Yahoo! Answers Example of Person Accessing Neighbors Wi-Fi

One essential security setting to configure on the router is a WPA or WPA2 passphrase. The WPA passphrase will then be entered on the wireless devices accessing the wireless network thus controlling what devices can connect. Not only will the WPA passphrase control what devices can join the network, but it will also be used to encrypt the communications of the network.

Some helpful tips:

  • If you’re unfamiliar with your wireless router consult the user’s manual for how to get access to the management interface and how to configure the security settings. If you do not have the manual most manufacturers have them available for download from their web sites.
  • DON’T USE WEP! WEP encryption has known flaws and can be cracked very easily.
  • Visit my earlier blog post for tips on selecting a strong WPA2 passphrase.

Leave me a comment or question if you need some help setting up WPA encryption on your specific router. I will definitely post a replay or offer a link to assist with your question.

Is Your WPA2 Protected Wireless Network Really Secure

You’ve set up a wireless network in your home or small office and configured it with the highest level of encryption using a WPA2 passphrase. But is that WPA2 passphrase strong enough to protect the wireless network? A weak WPA2 passphrase could be hacked allowing an unauthorized person to use the wireless network. Even worse this unauthorized person could decrypt the communications revealing emails you send, web sites you visit, and passwords you use for access to websites.

You’re probably saying to yourself if WPA2 encryption could be broken on my wireless network is there anything I can do to improve security for the network? Yes, with a couple of safe guards WPA2 can provide the required security, and I will describe how to apply these safe guards by always changing the factory default network SSID, and how the WPA2 passphrase should be a completely random string of characters.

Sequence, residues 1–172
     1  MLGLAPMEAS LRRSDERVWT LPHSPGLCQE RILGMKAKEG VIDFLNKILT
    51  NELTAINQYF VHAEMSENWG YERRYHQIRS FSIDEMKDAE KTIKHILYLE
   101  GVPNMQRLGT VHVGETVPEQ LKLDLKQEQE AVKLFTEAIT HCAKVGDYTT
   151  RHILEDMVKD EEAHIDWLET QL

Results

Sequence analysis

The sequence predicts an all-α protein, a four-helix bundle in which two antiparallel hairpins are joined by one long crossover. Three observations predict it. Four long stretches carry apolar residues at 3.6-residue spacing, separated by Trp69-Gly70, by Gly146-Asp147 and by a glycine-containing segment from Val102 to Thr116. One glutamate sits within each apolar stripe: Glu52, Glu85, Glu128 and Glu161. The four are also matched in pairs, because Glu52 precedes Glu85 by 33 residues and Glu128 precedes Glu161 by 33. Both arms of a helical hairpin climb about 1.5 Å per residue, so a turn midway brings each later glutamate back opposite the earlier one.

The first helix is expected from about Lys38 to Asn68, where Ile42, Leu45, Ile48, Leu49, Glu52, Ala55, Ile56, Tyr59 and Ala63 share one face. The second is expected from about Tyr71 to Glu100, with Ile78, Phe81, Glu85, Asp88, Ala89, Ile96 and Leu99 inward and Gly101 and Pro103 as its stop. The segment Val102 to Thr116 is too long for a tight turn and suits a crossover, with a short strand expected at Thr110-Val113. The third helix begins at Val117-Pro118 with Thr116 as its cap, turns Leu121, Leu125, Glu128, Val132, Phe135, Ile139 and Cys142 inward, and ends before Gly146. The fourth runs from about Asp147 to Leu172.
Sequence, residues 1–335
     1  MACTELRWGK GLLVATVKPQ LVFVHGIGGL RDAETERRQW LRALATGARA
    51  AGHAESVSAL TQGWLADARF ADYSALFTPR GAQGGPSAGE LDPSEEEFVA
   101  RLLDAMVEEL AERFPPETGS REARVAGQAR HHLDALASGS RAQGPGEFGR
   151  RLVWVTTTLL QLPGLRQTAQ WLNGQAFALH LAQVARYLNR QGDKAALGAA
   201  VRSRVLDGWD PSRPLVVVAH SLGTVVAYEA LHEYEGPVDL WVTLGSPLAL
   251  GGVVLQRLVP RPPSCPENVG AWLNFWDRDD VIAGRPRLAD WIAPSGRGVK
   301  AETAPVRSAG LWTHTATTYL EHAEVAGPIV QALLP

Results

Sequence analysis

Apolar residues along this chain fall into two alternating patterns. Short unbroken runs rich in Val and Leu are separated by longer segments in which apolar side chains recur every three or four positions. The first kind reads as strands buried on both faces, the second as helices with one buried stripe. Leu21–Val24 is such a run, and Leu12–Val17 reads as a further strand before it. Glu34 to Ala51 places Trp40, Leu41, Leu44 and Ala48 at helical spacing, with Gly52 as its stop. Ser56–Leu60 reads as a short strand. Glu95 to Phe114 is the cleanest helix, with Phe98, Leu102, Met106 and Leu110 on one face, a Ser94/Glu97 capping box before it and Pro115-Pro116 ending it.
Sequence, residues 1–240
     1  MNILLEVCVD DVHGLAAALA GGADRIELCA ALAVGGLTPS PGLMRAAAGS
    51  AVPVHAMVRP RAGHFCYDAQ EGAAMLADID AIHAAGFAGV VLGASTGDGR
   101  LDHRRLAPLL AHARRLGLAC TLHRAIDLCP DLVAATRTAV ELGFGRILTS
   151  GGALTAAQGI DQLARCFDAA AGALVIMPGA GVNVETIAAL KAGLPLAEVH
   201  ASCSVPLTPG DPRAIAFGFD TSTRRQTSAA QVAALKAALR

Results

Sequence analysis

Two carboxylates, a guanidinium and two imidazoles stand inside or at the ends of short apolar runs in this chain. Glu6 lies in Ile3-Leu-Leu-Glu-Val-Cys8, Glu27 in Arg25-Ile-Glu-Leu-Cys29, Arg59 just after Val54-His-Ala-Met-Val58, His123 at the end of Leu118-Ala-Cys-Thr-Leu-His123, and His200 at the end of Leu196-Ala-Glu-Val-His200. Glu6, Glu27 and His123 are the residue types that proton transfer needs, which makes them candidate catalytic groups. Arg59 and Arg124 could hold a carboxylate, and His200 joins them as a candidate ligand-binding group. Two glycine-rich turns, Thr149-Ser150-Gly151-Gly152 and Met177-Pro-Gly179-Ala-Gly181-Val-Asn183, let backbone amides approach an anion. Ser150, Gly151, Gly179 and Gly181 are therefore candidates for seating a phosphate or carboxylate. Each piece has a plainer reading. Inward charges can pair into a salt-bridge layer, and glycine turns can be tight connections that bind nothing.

All small office home office routers ship from the factory with a default SSID assigned to the wireless network name. It might be Dlink, Linksys, or something else the vendor selected. You should always change this SSID to something of your choosing, but avoid a network SSID that might identify who owns the network, or something found in the top 1000 SSID names. Along with the WPA2 passphrase, the SSID is used to create the key to encrypt the wireless communications. Even though the SSID name can easily be found, if you’re using the factory default SSID or a common SSID name you make the job of the hacker that much easier.

With the SSID changed let’s move on to WPA2 passphrase. The WPA2 passphrase should be a completely random string of letters and numbers. Don’t use common dictionary words, names, a famous quote, the name of your favorite sports team, etc… At a minimum the WPA2 passphrase should be 25 characters, and you can bang on the keyboard until you get something with 25 characters or use a password generator web site. I like to use the password generator on the WhatsMyip.org website. If you use this site scroll down to the bottom of the page and look for the WPA Password Generator section, and use the “Better” option to generate a random 32 character passphrase.

WPA Password Generator

WPA Password Generator

After getting WPA2 passphrase entered into the wireless management interface on the router you should copy it into a Notepad file and save that to a USB storage drive. You can plug the USB drive into the other wireless devices and open the file to copy and paste the WPA2 passphrase into those devices to quickly add them to the network. Some devices may not have USB ports, and may require you to manually type in the passphrase, but this will be a onetime entry since the devices will save the passphrase.